Denton County Living Well Magazine Spring 2015 - Page 44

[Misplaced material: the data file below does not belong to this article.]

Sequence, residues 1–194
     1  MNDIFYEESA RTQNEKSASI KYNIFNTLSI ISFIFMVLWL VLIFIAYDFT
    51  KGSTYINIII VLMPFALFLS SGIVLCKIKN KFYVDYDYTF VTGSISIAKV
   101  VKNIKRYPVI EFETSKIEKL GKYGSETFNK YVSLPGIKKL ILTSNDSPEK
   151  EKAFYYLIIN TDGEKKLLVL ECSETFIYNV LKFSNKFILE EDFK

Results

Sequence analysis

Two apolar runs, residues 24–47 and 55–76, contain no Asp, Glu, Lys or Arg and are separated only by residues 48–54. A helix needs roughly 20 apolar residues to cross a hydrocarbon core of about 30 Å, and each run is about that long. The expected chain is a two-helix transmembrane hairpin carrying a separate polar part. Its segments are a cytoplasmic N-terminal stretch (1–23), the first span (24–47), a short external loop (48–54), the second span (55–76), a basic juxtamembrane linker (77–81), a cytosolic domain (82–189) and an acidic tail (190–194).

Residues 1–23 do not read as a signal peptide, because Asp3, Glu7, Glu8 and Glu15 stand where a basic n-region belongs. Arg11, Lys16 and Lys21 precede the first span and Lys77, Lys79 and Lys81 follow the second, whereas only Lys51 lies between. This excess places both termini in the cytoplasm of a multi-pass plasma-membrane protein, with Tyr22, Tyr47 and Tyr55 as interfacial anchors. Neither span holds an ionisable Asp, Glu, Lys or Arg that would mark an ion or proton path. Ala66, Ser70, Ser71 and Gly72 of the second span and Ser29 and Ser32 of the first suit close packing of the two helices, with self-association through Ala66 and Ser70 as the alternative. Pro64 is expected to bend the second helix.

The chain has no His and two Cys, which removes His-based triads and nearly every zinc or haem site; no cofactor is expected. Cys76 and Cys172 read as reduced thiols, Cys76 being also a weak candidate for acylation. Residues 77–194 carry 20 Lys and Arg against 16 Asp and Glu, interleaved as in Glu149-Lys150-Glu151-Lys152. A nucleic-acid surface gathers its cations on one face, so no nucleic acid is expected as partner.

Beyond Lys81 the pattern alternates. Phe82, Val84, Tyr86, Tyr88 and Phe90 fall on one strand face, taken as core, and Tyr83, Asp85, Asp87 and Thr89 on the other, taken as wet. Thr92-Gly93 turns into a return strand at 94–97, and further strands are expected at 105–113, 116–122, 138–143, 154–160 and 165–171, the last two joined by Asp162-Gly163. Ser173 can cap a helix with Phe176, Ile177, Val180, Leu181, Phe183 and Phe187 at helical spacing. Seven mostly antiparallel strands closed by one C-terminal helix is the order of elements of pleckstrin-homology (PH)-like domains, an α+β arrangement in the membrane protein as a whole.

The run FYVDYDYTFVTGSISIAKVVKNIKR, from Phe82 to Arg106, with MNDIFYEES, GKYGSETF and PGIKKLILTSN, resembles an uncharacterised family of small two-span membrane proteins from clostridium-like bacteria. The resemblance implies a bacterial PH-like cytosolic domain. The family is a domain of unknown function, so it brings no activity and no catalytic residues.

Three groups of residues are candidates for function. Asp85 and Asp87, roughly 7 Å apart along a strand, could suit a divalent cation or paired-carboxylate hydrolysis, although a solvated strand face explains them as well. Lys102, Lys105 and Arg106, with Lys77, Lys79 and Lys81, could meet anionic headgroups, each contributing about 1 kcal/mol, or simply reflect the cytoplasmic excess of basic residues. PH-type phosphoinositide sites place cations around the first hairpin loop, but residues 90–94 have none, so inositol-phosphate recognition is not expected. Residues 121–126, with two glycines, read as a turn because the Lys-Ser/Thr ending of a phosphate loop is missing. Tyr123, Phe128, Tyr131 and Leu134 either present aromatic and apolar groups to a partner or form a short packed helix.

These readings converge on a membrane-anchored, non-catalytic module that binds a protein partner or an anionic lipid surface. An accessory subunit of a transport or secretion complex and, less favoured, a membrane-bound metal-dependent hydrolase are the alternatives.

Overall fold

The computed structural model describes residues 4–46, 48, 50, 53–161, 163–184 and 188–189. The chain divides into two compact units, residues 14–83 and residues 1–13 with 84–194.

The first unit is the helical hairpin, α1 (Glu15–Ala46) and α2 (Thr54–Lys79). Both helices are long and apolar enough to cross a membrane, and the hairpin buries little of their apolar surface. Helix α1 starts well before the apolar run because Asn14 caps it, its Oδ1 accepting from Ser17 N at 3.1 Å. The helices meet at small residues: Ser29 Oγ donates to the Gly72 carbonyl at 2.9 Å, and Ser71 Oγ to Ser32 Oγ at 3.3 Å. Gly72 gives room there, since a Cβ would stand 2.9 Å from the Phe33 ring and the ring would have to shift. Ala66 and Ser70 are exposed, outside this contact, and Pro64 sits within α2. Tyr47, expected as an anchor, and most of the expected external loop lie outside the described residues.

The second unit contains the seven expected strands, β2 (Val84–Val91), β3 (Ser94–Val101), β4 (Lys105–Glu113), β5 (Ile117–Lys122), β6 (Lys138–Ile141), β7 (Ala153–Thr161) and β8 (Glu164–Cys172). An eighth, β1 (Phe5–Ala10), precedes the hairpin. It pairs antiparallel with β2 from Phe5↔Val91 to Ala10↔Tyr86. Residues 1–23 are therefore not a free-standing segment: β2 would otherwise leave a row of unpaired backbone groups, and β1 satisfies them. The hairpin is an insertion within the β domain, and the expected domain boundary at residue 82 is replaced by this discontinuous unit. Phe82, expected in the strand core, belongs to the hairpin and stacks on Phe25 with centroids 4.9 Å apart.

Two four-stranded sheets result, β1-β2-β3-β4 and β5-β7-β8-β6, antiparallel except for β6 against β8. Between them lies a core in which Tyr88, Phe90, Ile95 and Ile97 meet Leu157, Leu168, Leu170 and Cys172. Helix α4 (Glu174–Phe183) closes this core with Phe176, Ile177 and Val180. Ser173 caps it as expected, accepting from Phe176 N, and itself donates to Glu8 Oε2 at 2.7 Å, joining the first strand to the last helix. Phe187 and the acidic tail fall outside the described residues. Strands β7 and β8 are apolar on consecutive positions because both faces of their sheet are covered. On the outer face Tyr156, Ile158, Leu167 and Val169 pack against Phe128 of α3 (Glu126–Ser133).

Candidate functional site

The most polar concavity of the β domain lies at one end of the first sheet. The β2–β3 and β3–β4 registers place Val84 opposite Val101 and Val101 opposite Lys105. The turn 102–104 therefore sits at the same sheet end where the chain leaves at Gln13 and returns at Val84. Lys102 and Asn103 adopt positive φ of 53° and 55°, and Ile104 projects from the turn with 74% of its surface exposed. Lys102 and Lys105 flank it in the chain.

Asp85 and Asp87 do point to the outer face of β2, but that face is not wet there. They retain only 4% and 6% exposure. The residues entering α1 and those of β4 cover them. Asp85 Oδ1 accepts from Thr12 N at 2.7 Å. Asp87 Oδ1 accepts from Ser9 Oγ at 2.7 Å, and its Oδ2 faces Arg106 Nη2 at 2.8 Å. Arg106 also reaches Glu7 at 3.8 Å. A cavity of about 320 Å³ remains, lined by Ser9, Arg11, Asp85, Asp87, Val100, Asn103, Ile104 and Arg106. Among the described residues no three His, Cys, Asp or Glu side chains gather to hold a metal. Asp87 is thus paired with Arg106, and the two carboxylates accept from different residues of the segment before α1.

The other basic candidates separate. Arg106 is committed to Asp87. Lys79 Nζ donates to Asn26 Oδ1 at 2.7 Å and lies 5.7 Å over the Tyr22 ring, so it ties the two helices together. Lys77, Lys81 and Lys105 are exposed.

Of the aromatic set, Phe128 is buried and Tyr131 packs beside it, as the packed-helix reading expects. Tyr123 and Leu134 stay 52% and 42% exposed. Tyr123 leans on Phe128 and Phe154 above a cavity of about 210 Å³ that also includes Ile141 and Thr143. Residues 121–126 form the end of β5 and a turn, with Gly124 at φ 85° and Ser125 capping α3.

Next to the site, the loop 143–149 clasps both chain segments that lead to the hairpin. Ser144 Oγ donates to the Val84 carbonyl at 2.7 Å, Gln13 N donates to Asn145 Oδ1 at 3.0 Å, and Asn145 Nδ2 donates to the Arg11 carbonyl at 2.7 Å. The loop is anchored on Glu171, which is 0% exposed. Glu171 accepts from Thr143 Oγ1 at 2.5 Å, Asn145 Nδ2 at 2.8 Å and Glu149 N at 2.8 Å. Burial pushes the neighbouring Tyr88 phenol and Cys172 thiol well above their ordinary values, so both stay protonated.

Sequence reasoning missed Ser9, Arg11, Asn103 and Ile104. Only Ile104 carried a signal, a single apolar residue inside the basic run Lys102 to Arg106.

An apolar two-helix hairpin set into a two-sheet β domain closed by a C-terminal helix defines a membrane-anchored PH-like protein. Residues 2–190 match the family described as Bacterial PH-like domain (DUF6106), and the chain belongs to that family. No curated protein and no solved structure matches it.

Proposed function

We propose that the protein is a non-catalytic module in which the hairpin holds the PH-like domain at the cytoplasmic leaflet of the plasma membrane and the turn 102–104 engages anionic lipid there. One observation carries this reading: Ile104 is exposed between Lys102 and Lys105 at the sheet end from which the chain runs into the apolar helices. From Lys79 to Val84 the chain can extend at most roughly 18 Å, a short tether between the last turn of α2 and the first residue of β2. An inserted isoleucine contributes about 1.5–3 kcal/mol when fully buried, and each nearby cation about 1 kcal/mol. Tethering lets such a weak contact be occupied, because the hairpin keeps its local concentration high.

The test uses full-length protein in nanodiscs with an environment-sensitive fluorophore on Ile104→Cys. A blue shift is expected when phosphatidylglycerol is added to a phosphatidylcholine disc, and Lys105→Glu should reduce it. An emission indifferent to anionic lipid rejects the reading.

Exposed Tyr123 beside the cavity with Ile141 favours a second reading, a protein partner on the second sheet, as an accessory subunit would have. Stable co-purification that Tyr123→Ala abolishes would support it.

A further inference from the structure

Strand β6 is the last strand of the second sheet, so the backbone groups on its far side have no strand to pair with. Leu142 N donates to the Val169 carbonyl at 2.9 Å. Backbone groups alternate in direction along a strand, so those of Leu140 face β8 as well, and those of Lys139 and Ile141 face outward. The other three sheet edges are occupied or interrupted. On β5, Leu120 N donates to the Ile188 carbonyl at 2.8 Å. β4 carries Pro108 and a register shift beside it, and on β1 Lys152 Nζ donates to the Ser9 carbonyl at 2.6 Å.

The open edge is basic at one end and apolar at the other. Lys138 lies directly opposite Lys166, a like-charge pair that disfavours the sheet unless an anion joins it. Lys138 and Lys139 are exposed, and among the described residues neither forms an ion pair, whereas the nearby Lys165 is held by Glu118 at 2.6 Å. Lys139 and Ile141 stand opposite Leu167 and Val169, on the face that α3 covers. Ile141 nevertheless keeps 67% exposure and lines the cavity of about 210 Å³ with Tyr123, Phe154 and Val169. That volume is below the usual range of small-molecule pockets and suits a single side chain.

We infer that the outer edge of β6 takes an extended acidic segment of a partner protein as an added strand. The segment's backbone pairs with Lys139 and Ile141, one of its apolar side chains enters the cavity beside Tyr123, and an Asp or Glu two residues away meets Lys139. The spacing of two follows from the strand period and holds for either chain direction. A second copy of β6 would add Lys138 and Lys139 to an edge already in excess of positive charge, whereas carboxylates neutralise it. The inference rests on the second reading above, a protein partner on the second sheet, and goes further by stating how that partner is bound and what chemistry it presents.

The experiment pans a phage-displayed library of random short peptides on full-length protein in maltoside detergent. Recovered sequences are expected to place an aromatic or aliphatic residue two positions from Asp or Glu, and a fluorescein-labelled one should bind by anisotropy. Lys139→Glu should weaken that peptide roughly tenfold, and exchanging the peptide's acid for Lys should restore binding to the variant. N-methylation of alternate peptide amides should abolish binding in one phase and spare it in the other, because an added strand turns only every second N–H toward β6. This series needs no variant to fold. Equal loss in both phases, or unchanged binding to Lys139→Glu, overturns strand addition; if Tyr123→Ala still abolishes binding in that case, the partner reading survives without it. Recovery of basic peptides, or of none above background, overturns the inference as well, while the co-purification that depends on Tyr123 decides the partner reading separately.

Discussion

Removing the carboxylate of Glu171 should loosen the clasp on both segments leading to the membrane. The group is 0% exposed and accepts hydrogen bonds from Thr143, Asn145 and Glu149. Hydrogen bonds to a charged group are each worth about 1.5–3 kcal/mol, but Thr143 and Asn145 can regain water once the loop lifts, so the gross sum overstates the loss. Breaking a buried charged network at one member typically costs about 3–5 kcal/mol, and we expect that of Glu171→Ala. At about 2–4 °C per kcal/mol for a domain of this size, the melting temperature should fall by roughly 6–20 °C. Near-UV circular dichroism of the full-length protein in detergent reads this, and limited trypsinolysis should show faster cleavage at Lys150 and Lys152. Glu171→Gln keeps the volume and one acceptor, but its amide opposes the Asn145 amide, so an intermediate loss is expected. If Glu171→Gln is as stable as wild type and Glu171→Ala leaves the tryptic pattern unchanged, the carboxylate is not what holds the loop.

Why Women Over 40 Should Lift Weights By Julie Alvira, MD., MBA T here comes a time when you have to put fear away, step out of your comfort zone, and challenge yourself. You might feel uncomfortable and awkward when you try something new, but sometimes the unknown will become your new normal. I am talking about women and lifting weights. There’s still a majority of women out there that think that heavy lifting will make them bulky, and if the lifting stops, then everything will turn to fat. Other women think that lifting weights will change how their body looks or that they will “look masculine and buff.” Some say that women over 40 who touch weights are out of their mind. All of these are misconceptions!! Let’s set the record straight. First things first: Androgens Androgens are sex steroid hormones that are made primarily in the male testes and rule male sexual development and the body… but wait… we women have androgens as well. They are made in the female ovaries and adrenal glands. Both bodies produce these hormones in different amounts. Androgens control male sex traits, development, muscle mass, aggressiveness, and sex drive among other functions. In women, they influence sexual behavior and are converted into the female hormones called estrogens. (Tulane University, 2014). Testosterone is one of the most potent androgens in humans. It is present in higher levels in men than in women. Simply stated, women do not possess the level of testosterone to support a bulky physical appearance. We develop more levels of estrogen. Any woman that is out there that looks bulky muscular is probably supplementing with extra hormones. The American College of Sports Medicine (ACSM) has stated that women naturally develop less muscle mass than men because they have fewer muscle cells. To make things very clear, even if a woman trains very hard, she will achieve only a fraction of what a man can achieve because a male’s testicles produce testosterone in higher amounts than our ovaries. My fellow females, you will not look like a superhero just by performing exercises with weights! Benefits: Physical and emotional Somebody once said, “Fitness is 100% mental. Your body won’t go where your mind doesn’t push it.” Ladies, we un- derstood the science, so let’s look at the benefits to get a clearer picture of why we should give weights a try. Physical It is fine to continue doing your cardio, yoga, and light 3-5 pound weight routines, but by incorporating more intense strength training into your workouts, a woman can achieve more fat loss. This is due to the fact that the metabolism is enhanced when lifting weights, because the premier calorie burning tissue in a woman’s body is muscle mass. According to studies, the more muscle mass a woman has, the more calories she will burn. After age 30, most people begin to lose half a pound of muscle mass and at age 50 that doubles; so, by increasing muscle mass through performing strength training at least twice a week, you will help fight muscle loss. The ACSM also states that weight training helps a woman’s body: • Slow down the rate of bone density loss to help avoid osteoporosis. • Improve hormonal balance by maintaining a healthy weight before and after menopause. Sleep better. • Reduce risk of cardiovascular disease. One weight lifting misconception is that if a woman stops working out, the muscle will turn into fat. Muscle and fat are separate tissues. If the workout stops, the muscle may atrophy but they will not convert to fat! Another point to clear up is that a woman weighs more when she has more muscle. This is true, however, due to the fact that muscle is more dense than fat, you will lose inches everywhere without losing pounds. Emotional A woman will feel and look better. A Harvard study found that strength training reduced clinical depression symptoms more successfully than standard counseling did. In addition, you feel more energetic, more confident and increase libido. Haven’t you heard that by lifting weights your “happy hormone